Enough caviar, a bit of humility please
Have Argentina, the world’s biggest exporters of soccer players, lost their feeling for the national colours Diego Maradona wore with such pride and passion? Has the ever increasing exodus of players to Europe dented their edge, made them soft?
Fans’ opinions on websites after Argentina’s pale 1-1 draw with Bolivia, the first time their neighbours have taken a point in nine World Cup qualifiers this side of the border, suggest that’s what they are thinking.
Players are accused of being too comfortable with their high salaries at rich European clubs, allowing modest South American rivals to “paint their faces”, a local phase meaning to embarrass.
“A bit of humility, enough caviar,” a columnist wrote in the sports daily Ole. “The time has come for labourers.”
He went on to accuse the players of not bringing the commitment and fight required when wearing the light blue and white stripes.
Even Lionel Messi, who has played well for Argentina in recent matches while team mates have not, had a poor game.
The reality in South America is that Argentina and Brazil are the teams to beat. They are obliged to take the game to strong opponents who absorb the pressure and try to hit them on the break.
Argentina have some of the world’s best forwards but there has been a dearth of world class midfielders and defenders to replace the likes of Juan Roman Riquelme and Roberto Ayala.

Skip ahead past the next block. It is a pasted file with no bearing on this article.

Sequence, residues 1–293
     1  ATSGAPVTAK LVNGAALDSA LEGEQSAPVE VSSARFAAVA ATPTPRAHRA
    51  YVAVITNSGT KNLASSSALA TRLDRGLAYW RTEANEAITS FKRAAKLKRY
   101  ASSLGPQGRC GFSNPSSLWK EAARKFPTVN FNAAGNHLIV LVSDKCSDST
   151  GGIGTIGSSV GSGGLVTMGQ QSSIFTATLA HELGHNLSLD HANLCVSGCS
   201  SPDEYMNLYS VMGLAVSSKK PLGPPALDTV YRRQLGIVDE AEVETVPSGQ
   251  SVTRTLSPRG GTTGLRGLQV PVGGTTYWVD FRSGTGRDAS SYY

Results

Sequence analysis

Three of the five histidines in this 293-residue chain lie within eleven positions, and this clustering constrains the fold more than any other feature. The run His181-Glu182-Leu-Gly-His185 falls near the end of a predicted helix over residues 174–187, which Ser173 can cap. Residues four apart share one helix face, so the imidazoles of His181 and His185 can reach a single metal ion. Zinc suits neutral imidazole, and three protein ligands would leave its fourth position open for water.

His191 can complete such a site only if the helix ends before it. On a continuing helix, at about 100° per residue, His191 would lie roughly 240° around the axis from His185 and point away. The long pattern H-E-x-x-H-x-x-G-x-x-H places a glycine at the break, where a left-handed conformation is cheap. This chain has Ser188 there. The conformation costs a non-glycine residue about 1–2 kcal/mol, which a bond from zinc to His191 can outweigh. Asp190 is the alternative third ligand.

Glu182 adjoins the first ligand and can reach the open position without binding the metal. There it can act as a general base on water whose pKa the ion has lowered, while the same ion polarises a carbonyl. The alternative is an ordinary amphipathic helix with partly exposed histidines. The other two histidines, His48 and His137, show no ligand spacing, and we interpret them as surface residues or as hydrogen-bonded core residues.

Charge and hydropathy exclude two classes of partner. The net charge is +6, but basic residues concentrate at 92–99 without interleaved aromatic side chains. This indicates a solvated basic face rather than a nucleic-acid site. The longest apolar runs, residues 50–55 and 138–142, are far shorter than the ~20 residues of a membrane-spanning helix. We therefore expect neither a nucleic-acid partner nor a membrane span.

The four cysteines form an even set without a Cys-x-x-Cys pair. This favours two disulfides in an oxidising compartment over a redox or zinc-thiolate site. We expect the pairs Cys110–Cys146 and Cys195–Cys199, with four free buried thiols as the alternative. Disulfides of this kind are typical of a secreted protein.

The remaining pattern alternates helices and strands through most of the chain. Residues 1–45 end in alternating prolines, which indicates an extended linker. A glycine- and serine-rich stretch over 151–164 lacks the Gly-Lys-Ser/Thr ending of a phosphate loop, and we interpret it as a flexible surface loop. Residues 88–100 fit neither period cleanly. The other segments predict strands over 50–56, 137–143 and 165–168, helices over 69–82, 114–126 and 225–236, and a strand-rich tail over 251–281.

When teams play Barcelona, they cannot afford to only keep Messi in check and expect their problems to be resolved. They must watch out for Xavi, Andres Iniesta, David Villa, Daniel Alves, Pedro. There is a balance that allows Messi room to work his magic.
Few Argentine players inspire fear in South American rivals these days apart from Messi and strikers Gonzalo Higuain and Sergio Aguero and the unfit and out of favour Carlos Tevez, all essentially forwards.
Argentina have neglected the youth scheme that won a string of world titles under Nestor Pekerman and Hugo Tocalli between the mid-90s and mid-2000s.
Failure to qualify for next year’s London Olympics having won the gold medal at the last two Games is proof enough of the decline and at club level it goes a long way towards explaining the great River Plate’s relegation in June.
A dramatic reaction from Perfil newspaper, playing on the date of the match, was: “11-11-11…the end of the world?”
Nor are fans confident Argentina can turn things round in Colombia on Tuesday, having lost their previous away match in Venezuela, an unfancied opponent that had lost all 18 of their previous meetings.
PHOTO: Argentina’s Lionel Messi leaves the field after a 1-1 draw with Bolivia in a 2014 World Cup qualifier in Buenos Aires November 11, 2011. REUTERS/Marcos Brindicci.